You have already learned about relative pronouns and relative adverbs in previous modules. Both act as subordinating conjunctions when they connect sentences.
Relative pronouns, which include some interrogative and one demonstrative pronoun, introduce adjective or noun clauses. They are that, which, who, whom, and whose.
These are the students who have done well on the test.
These are the students. The students have done well on the test.
(Who replaces students when combining the sentences.)
Relative adverbs introduce adjective clauses: when, where, why. (Yes, that seems backwards, an adverb in an adjective clause.) They replace in which, which sounds more formal.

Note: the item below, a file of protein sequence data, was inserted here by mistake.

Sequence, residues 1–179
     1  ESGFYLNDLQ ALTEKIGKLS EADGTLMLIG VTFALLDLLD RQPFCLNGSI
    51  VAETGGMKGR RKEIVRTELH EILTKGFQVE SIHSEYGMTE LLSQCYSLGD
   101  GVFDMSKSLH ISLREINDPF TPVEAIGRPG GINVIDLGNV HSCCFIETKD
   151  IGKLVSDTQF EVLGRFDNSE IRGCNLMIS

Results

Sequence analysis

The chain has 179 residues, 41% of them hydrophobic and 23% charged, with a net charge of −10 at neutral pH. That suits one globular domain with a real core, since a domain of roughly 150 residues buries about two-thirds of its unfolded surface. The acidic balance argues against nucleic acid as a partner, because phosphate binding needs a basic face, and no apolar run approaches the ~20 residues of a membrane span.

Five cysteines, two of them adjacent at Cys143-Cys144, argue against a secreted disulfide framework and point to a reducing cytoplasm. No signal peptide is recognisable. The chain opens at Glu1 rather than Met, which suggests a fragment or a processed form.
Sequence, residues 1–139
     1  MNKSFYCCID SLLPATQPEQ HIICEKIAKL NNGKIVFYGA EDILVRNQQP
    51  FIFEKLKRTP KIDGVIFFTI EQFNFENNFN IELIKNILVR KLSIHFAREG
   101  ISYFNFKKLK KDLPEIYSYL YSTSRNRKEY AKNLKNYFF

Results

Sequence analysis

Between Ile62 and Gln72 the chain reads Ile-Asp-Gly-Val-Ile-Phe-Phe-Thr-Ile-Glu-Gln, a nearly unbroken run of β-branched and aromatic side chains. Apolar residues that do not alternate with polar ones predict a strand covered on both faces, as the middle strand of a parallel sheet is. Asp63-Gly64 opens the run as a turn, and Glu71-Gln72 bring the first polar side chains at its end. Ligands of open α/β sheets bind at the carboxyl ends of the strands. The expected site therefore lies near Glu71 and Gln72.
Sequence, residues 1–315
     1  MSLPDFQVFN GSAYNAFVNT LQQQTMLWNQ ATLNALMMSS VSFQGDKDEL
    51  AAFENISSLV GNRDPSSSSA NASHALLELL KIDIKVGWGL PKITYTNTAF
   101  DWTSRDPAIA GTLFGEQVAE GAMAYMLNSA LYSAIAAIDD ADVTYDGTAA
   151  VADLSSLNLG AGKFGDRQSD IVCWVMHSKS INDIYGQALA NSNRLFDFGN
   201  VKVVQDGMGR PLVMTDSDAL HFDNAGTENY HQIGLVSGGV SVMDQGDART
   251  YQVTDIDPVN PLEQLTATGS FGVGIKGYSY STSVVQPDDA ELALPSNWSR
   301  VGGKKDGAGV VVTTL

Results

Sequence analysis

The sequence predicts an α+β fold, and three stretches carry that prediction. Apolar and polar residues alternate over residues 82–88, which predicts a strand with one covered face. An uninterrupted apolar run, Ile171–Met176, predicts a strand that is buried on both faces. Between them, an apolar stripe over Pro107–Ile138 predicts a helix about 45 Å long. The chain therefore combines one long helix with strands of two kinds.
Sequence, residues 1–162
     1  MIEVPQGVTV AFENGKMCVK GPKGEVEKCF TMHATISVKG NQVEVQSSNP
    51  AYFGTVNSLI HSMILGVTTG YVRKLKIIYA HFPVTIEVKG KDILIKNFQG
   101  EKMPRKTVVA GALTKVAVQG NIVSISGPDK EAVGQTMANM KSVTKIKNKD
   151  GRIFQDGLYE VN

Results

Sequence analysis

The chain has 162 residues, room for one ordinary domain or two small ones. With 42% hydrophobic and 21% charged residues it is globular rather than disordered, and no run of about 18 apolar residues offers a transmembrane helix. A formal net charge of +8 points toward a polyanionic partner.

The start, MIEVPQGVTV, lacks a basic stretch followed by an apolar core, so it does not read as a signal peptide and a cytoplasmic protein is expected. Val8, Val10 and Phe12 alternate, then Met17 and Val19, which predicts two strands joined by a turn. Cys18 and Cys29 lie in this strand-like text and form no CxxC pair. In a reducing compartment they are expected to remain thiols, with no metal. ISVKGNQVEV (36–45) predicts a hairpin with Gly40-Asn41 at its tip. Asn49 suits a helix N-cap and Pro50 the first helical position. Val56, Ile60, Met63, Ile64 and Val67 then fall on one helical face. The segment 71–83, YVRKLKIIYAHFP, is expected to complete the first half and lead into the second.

That is the museum where I saw the unicorn tapestry.
That is the museum in which I saw the unicorn tapestry.
Adjective clauses modify nouns. Sometimes in a sentence the noun modified by the adjective clause is omitted but understood.
Tell your teacher why you forgot your homework.
Tell your teacher (the reason) why you forgot your homework.
Other pronouns can introduce noun clauses. They are whoever, whomever, what, whatever, and whichever.
Whatever you want for breakfast is fine with me.
You want whatever for breakfast. Whatever is fine with me.
When using whoever or whomever, the pronoun is part of the dependent clause. Whoever is a subject pronoun. Whomever is an object pronoun. It needs to work correctly in the dependent clause.
[Whoever ate the cookies] should have left them alone.
I expect [whomever I pick] to do a good job.